In the heart of Rome there is a prestigious building overlooking Via delle Muratte, along the fascinating path connecting the Pantheon with the Parliament and the Trevi Fountain, which boasts the record as the busiest pedestrian area in Europe. Formerly called 'The street of artists', it’s where the painters' ateliers lived together with antique dealers' shops and quality craftsmanship workshops.
In this very particular context, RPM Proget, the Roman studio with a consolidated know-how in the design and realization of food spaces, has carried out an important project for a five-star luxury premise, the Maalot Hotel, which is now being completed with forecasted opening December 2020. The owner is an Argentine entrepreneur who already owns other successful hotels.
The building housing the Maalot Hotel is on four floors for about 3,000 square meters and looks like an elegant ‘palazzo’ of the 19th century where, between 1828 and 1837, the great composer Gaetano Donizetti, author of operas such as the 'Elisir d'amore' and 'Don Pasquale', wrote 'Il Furioso di San Domingo' and 'Torquato Tasso' within these walls.
The building is located near another important location realized by RPM Proget, the Baccano restaurant, a reference point for Roman restaurants and a well-known destination for a large gourmet clientele.
BRITISH STYLE IN ROME
The Maalot Hotel features a truly 'British' style and recalls the atmospheres of an English residence from various aspects: the fabric wallcoverings, the carpet flooring, the furnishings, the lamps and the colours of the 30 rooms, each one different from the other. This outstanding personality is completed with details such as the choice of physical keys instead of magnetic cards to create the feeling of a manor, rather than a hotel. Precisely for this reason, comfort is at the core of the project, from the rooms to the common areas, from the soft textiles to the smooth and harmoniously mixed colours.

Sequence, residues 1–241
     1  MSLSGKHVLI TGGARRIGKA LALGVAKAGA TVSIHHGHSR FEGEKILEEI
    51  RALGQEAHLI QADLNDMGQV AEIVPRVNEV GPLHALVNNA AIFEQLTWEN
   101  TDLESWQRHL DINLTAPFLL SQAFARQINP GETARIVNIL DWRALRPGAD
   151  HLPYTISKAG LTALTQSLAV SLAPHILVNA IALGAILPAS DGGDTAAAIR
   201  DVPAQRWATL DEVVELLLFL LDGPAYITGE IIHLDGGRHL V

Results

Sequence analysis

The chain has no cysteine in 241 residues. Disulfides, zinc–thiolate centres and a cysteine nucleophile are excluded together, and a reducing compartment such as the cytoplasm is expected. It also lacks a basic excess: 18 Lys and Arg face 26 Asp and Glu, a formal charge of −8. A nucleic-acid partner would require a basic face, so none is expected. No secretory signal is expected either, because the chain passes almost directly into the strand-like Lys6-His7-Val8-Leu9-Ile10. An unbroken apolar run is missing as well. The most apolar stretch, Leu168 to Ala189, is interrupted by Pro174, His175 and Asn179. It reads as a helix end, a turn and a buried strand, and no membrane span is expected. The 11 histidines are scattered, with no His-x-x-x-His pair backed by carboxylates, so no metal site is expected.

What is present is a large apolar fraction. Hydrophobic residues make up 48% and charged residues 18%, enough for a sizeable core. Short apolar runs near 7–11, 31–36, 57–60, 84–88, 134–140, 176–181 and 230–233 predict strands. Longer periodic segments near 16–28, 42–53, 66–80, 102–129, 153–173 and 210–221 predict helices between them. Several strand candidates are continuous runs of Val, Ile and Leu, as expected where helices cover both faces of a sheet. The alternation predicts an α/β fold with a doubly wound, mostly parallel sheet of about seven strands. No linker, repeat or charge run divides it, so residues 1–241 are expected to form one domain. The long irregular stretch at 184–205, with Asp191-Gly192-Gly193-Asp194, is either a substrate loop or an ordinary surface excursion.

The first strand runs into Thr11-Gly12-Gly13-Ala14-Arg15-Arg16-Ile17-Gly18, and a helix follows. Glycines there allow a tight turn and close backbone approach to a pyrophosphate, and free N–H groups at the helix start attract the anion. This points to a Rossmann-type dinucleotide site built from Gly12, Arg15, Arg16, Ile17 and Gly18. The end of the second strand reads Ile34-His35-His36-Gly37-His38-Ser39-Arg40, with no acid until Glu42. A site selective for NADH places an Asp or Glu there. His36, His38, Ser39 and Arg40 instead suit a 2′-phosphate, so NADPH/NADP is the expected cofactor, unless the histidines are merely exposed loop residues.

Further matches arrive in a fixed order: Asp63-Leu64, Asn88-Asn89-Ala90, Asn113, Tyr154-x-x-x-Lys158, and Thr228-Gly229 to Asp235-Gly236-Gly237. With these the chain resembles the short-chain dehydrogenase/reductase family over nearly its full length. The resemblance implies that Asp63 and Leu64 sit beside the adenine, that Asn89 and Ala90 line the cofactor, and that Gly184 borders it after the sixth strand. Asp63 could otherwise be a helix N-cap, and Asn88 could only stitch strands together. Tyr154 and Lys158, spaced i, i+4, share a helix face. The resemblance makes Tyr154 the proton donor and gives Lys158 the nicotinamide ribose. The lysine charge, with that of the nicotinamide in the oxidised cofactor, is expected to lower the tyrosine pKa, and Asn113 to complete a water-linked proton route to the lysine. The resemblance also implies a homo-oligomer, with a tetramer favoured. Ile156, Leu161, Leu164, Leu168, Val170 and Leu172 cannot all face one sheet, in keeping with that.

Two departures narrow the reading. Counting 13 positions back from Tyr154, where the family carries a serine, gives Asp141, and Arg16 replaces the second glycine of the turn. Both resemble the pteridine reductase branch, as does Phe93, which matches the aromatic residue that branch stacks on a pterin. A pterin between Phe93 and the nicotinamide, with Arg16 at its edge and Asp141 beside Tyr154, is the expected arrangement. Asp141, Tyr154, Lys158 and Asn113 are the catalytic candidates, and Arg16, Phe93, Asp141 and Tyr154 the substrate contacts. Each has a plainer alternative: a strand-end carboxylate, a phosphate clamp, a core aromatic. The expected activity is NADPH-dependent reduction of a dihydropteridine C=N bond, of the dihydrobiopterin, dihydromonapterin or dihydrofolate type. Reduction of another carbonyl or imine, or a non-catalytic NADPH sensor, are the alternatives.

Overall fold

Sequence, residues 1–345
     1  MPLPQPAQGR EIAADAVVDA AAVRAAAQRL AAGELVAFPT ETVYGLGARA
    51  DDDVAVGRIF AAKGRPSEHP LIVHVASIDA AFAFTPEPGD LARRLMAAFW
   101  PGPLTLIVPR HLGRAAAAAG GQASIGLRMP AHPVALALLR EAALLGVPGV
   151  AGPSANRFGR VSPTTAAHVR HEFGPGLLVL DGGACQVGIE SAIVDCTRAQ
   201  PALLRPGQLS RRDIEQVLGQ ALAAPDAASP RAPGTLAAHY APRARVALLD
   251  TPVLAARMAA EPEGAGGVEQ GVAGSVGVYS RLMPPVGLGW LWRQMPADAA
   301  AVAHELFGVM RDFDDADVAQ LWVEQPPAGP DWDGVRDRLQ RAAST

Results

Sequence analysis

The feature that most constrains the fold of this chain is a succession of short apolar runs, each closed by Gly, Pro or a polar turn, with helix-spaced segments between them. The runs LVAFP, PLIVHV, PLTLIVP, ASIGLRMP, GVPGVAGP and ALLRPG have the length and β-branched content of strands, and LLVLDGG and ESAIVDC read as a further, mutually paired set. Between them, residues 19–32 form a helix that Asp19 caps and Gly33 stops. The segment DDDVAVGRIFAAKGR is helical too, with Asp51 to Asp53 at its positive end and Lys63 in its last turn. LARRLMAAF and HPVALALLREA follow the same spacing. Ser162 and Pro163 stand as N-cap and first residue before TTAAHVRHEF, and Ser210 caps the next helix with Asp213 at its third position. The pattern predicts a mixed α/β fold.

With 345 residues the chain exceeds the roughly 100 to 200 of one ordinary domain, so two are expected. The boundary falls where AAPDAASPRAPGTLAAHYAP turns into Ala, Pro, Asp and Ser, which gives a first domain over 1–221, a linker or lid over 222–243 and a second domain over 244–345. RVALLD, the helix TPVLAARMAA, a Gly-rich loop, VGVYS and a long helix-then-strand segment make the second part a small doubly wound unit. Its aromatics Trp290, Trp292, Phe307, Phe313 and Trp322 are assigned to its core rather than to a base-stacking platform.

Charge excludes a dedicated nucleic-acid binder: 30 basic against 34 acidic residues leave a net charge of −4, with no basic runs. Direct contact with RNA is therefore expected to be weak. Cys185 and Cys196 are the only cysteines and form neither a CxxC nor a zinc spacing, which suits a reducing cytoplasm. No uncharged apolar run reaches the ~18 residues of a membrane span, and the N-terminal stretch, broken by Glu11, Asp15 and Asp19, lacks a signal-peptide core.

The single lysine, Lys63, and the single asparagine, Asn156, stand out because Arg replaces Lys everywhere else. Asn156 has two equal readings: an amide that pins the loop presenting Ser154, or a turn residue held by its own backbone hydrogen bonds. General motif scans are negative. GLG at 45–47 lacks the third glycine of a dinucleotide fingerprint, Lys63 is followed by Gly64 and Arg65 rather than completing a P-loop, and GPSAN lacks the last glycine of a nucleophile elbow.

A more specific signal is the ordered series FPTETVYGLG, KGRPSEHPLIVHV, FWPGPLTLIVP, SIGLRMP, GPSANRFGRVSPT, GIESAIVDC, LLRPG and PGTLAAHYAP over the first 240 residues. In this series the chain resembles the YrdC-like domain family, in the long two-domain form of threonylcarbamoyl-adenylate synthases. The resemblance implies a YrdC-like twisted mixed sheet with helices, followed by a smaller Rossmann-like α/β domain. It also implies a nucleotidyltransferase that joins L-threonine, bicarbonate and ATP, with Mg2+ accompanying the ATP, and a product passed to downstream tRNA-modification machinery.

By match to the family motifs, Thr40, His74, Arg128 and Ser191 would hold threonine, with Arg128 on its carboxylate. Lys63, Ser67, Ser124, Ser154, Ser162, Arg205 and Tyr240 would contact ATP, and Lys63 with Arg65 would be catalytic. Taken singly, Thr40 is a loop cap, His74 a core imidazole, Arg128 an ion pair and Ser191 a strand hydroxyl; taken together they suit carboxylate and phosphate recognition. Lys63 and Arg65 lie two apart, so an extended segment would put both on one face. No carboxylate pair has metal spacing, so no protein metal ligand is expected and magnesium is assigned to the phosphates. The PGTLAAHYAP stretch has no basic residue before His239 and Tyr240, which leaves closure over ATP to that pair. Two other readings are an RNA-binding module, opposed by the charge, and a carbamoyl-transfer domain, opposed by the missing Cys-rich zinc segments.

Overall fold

Whilst a rather common situation abroad, in Rome it’s quite unusual to enter the restaurant area to access the hotel rooms: at the Maalot Hotel, a hostess recognizes the guests, accompanying them to the table if they have booked at the restaurant, or addressing them to the hotel area, if guests want to retire to their room.
The rooms are classified according to useful surface, from the classic 16 square meters with double bed to those between 25 and 27 square meters, from rooms with living area to more important spaces in the form of mini-apartments with a small living room and a library, or with spectacular stone fireplaces.
A common feature of the rooms is the presence of a walk-in closet made-to-measure in Daniela walnut wood with an area for hangers and shoe racks and one for the chest of drawers with the refrigerator and a shelf for the built-in safe inside.
Bathroom are divided into two separate areas covered in open-scrub arabesque Calacatta marble, like the countertop of the washbasins. The two rooms in the attic feature precious Portoro marbles with black background and gold veins giving a refined and relaxing atmosphere, also due to the Daniela wood, a very blond walnut used in the bathroom, that blends with Portoro marble and its black and gold background.
Special attention has been paid to the textiles in the rooms, where fine fabrics cover the walls with a harmony of colours pleasantly coordinated with other textile elements such as the curtains, the padded headboards and the upholstered chairs, armchairs and sofas. A carpet in different colours different from room to room has been used for flooring.
WHEREVER I LAY MY HAT...
But that's not enough: the paintings inside the rooms are inspired by a song by Marvin Gaye: 'Wherever I lay my hat, that’s my home'. This concept is widespread in the interiors to communicate the idea of being at home and for this reason, the hat is the main actor of the graphic illustration inside the rooms, resulting in a coherent story that also continues in the restaurant, to follow the theme of the 'art gallery' in line with the artistic soul of via delle Muratte.